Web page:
News Article | July 17, 2015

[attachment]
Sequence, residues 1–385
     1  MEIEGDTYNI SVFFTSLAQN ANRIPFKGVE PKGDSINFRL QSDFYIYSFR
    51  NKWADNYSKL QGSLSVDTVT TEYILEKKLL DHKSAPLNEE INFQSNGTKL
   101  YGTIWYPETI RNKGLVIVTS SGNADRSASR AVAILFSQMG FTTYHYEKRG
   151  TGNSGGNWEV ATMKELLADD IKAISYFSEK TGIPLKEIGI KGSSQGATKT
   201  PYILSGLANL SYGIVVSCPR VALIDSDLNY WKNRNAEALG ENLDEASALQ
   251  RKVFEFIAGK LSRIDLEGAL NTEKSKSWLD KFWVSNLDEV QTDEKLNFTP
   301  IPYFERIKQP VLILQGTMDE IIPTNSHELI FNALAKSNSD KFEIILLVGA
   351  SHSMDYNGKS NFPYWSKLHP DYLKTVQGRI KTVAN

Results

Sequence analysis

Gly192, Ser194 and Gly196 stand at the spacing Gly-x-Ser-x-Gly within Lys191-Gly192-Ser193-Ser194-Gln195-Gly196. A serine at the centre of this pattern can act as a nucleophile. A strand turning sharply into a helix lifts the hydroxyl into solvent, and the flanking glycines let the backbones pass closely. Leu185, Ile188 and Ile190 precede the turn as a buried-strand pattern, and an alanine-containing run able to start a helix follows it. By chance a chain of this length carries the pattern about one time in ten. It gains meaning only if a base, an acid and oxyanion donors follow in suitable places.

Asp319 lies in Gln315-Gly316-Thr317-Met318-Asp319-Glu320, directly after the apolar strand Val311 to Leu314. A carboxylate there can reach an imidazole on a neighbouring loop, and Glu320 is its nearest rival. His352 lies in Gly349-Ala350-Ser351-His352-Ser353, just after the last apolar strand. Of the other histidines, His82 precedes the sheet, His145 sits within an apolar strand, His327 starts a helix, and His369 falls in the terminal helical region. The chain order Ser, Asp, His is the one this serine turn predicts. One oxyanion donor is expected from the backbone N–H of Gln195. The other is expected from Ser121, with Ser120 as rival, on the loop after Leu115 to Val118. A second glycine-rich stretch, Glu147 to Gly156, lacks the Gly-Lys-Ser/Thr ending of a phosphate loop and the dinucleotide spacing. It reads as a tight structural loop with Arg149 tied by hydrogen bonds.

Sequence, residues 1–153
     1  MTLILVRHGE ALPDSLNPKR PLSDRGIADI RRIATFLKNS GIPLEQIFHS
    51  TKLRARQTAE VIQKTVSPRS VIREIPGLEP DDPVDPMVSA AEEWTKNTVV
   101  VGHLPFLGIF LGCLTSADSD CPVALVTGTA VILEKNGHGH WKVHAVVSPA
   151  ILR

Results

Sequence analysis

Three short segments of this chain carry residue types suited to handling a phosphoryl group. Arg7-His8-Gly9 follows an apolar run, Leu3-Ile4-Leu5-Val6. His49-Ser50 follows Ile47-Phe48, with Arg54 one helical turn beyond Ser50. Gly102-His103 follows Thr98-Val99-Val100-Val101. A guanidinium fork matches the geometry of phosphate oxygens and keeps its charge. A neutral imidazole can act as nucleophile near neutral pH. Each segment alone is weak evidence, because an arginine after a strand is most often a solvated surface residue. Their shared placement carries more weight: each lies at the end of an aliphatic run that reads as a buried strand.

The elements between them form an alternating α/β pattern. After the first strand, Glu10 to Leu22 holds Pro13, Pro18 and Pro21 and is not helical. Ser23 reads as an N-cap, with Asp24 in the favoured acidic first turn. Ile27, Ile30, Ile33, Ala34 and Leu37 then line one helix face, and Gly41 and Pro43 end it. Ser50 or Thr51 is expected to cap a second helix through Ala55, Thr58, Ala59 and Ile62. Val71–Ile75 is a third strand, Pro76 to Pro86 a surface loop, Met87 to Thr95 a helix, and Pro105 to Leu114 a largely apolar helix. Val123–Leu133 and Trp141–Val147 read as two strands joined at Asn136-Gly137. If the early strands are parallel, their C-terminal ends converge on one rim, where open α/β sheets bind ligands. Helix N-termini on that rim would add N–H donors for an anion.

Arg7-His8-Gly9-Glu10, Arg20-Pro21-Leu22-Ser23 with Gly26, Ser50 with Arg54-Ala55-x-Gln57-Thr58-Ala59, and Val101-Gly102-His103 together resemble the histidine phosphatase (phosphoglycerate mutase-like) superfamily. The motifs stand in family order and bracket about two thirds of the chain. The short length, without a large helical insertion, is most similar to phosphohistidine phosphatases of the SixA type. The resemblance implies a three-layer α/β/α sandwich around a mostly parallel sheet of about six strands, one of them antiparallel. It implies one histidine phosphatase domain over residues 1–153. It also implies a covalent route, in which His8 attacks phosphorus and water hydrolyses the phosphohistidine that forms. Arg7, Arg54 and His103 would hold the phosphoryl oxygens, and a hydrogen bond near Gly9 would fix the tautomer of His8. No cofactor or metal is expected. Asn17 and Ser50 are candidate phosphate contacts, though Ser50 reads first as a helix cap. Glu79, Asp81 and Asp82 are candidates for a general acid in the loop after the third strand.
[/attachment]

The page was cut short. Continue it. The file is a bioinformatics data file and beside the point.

NEW YORK--(BUSINESS WIRE)--As entrepreneurship takes center stage in Africa this month at the Global Entrepreneurship Summit, Citi Foundation and TechnoServe have announced a partnership to stimulate entrepreneurship and job growth in four sub-Saharan countries. Citi Foundation’s African Youth and Women’s Business Development programme will develop business approaches that can be taken to scale by local organisations to provide employment, enhance incomes and increase the economic participation of women and youth. Youth account for 60 percent of all Africans unemployed, according to the World Bank, with young women affected most severely. Underemployment is also a major concern, with more than 70 percent of Africa’s youth living on less than US$2 per day. The new partnership will address these problems by drawing on the Citi Foundation’s long experience supporting local economic development and TechnoServe’s expertise in promoting entrepreneurship and small businesses. The programme will seek to achieve the following: The Citi Foundation and TechnoServe will measure the effectiveness of the projects, identify the approaches with the greatest impact, and determine how to scale up the initiatives to achieve even greater economic impact. “Entrepreneurs make companies work, and companies make economies work. We are honoured to partner with TechnoServe as it promotes and develops businesses and mentorship programmes for women across West, East and South Africa,” said Amin Manekia, Citi Corporate Banking Head for sub-Saharan Africa. “Everywhere I go in Africa, I am struck by the vibrancy and resourcefulness of its entrepreneurs,” said William Warshauer, President & CEO of TechnoServe. “TechnoServe is proud to work with a forward-thinking partner like Citi Foundation to help unlock this incredible economic potential. We are also excited by the opportunity here to build proven models for transformational change.” The Citi Foundation works to promote economic progress and improve the lives of people in low-income communities around the world. We invest in efforts that increase financial inclusion, catalyze job opportunities for youth, and reimagine approaches to building economically vibrant cities. The Citi Foundation’s “More than Philanthropy” approach leverages the enormous expertise of Citi and its people to fulfill our mission and drive thought leadership and innovation. For more information, visit www.citifoundation.com TechnoServe is a nonprofit organisation that develops business solutions to poverty. We work with enterprising men and women in 30 developing countries to build competitive farms, businesses and industries. By linking people to information, capital and markets, we help them create lasting prosperity for their families and communities. With millions of people positively impacted by TechnoServe’s work since 1968, we believe in the power of private enterprise to transform lives. For nine straight years, TechnoServe has earned a 4-star rating from Charity Navigator, placing us in the top 1 percent of all its rated nonprofits.